NewsPinellas County


St. Pete restaurant feels impacts of inflation

Posted at 8:05 PM, Mar 03, 2022
and last updated 2022-03-04 05:48:29-05

ST. PETERSBURG, Fla. — The Florida Restaurant and Lodging Association said increased costs related to supply chain shortages, increased wages and inflation continue to impact the hospitality industry.

Bernie Moran and his wife, Heidi, operate CD Roma in St. Petersburg. They are feeling the impact of inflation.

Moran said he has seen a drastic increase in the cost of protein like chicken and beef.

"Ground beef, we were paying $1.00 a pound for ground beef, maybe $1.12 and we fight now to keep it under $3 a pound," said Moran.

On Thursday, the restaurant offered a BOGO deal on chicken parmigiana.

"We thought of getting rid of the special just to keep the price down. We thought of doing buy one, get one half off. We just realized it’s just not as attractive," said Moran.

Moran said the cost of doing business has drastically increased, but he is trying not to pass the cost onto customers.

"We’re a family-friendly environment and trying to stay economical for families. We’re at the point where we’re going to have to make a correction," he said.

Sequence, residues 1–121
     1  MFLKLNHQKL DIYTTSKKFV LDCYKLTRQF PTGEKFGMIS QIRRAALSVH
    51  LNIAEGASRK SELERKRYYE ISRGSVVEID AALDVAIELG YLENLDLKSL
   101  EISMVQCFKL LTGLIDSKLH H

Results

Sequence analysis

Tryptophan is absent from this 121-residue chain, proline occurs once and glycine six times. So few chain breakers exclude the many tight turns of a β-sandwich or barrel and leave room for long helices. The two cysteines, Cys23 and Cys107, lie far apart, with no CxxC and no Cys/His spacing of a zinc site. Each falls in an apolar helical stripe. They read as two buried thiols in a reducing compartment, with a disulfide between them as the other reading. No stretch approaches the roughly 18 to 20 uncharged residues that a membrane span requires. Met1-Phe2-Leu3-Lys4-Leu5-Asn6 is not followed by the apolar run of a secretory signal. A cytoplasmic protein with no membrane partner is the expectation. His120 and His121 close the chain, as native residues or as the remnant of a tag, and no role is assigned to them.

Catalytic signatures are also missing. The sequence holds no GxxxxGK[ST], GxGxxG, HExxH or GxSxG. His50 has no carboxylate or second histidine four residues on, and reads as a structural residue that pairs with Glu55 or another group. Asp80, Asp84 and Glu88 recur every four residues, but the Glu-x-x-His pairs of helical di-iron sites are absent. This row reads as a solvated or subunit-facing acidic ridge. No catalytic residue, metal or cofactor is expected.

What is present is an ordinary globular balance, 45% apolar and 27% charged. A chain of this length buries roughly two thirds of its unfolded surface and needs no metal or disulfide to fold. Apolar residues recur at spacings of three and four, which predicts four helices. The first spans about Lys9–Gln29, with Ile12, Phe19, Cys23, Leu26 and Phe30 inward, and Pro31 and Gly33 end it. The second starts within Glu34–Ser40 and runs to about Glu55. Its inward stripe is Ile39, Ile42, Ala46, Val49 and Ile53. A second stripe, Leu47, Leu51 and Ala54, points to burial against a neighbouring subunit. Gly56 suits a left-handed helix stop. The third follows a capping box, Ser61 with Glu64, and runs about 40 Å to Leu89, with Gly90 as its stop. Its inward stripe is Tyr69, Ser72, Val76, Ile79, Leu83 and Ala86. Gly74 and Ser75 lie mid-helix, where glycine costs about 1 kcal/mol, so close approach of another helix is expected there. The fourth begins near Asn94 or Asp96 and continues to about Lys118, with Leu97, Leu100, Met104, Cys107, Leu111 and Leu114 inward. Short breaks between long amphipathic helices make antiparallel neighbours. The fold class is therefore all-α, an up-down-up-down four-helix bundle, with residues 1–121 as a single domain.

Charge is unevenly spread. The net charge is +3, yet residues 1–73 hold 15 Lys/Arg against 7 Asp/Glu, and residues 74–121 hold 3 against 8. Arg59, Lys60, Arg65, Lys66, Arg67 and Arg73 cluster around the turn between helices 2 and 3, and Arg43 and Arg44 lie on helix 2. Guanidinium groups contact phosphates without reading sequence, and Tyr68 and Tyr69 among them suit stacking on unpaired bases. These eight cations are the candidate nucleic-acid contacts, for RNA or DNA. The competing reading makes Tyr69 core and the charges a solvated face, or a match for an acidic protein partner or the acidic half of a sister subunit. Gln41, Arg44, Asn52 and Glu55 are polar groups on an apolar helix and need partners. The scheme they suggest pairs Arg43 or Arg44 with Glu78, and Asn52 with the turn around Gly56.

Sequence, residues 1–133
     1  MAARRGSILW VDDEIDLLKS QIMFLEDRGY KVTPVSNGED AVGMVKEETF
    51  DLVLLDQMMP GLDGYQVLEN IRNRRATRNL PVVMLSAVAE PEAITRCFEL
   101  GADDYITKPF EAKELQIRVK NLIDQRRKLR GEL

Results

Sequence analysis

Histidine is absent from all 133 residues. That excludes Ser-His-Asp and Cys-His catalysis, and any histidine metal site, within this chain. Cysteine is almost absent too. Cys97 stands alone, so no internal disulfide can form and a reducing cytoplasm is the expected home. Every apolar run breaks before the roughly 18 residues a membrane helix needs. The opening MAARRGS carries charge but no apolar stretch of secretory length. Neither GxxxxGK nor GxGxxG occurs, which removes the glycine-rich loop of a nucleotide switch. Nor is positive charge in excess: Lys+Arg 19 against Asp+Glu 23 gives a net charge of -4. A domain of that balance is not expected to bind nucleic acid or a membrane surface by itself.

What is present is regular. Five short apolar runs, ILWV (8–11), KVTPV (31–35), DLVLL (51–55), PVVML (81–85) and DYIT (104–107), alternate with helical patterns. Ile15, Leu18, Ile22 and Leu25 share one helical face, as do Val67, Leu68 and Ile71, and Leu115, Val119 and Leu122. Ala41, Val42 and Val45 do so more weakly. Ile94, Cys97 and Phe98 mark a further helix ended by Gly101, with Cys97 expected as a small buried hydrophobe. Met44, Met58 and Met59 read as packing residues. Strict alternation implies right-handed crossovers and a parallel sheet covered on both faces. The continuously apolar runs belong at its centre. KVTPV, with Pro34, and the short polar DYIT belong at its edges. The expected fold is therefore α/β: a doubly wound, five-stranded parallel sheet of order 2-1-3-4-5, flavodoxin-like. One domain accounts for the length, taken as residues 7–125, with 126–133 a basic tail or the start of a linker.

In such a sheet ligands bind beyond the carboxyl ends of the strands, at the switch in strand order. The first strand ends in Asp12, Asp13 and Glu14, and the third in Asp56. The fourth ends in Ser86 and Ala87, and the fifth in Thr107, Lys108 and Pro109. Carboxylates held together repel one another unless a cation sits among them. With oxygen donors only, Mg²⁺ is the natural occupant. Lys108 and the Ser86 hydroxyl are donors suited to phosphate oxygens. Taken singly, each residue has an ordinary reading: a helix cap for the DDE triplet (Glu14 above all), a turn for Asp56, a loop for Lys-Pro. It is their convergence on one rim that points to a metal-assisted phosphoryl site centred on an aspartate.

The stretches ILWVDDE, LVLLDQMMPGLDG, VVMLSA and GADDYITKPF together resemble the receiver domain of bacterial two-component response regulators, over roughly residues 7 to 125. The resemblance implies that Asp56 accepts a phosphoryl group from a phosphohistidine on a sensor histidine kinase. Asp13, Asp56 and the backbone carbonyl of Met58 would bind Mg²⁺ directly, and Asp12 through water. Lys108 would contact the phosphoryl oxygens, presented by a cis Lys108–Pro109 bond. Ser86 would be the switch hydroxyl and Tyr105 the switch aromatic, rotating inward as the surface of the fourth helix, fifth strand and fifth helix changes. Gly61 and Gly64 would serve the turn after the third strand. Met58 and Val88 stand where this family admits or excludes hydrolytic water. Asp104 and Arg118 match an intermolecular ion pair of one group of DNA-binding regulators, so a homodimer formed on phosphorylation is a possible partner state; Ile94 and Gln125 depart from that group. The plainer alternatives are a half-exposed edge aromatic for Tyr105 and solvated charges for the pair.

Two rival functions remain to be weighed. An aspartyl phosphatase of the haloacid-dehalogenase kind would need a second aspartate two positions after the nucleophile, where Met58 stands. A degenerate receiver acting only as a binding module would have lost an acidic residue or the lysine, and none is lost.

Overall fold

"When you buy in bulk such as restaurants like we do we see it. We feel it. Our average truck was about $3,000 and my average truck now is about $5,200, twice a week," said Moran.

According to the Florida Restaurant and Lodging Association, the food service industry nationwide is forecast to reach $898 billion in sales in 2022; however, when adjusted for inflation, industry sales are still 11.5% below pre-COVID 2019 sales.

Additionally, 79% of operators said their total labor costs (as a percentage of sales) are higher than they were prior to the COVID outbreak, according to the association.

Inflation has added additional strain on hotels and restaurants still recovering from the COVID-19 pandemic, historic labor shortages, and supply chain issues, according to the FRLA.

"What we’ve noticed now is not only the price of these products have gone up, the availability has gone down," said Moran.

Moran said he will do everything possible to keep his restaurant affordable for families.

"Takes food to sell food, but it still hurts. We’re doing what we can. I don’t want to skimp on portions. We’ve been known for big portions, feeding you a lunch and a midnight snack, you know, but we’re revamping a lot of things. We have to do what’s best for us and of course the customer," said Moran.

The restaurant is also hiring employees. For more information visit: